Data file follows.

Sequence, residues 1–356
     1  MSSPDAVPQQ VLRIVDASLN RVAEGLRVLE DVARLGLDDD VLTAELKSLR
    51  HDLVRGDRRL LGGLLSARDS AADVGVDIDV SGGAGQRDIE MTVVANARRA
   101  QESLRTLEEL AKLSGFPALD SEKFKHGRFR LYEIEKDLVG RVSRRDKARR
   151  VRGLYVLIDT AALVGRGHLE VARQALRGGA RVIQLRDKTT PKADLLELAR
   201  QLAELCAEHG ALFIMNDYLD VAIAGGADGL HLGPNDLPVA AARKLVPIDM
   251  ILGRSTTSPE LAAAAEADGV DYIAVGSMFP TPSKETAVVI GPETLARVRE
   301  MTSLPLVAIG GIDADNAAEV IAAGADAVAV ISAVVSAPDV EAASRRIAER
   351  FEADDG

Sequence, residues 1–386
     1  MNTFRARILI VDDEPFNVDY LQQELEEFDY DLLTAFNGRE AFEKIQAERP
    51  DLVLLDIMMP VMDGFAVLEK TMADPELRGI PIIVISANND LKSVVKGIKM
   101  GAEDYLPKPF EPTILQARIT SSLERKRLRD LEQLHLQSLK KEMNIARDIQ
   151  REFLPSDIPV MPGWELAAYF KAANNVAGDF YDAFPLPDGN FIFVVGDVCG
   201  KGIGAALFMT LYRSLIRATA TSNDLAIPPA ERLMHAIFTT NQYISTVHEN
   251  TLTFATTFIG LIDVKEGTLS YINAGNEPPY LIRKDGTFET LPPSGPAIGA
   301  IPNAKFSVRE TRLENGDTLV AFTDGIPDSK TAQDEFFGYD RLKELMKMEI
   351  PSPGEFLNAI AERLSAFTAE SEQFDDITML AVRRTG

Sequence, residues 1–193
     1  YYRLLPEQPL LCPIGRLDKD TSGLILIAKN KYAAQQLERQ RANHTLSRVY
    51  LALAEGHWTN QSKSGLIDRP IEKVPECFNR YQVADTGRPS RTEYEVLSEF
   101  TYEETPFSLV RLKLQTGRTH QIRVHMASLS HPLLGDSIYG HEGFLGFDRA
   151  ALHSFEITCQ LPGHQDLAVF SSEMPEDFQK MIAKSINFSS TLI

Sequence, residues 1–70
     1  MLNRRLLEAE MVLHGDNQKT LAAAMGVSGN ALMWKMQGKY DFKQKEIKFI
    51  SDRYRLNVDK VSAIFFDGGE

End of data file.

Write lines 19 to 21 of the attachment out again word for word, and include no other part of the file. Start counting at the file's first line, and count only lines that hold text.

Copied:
Sequence, residues 1–193
     1  YYRLLPEQPL LCPIGRLDKD TSGLILIAKN KYAAQQLERQ RANHTLSRVY
    51  LALAEGHWTN QSKSGLIDRP IEKVPECFNR YQVADTGRPS RTEYEVLSEF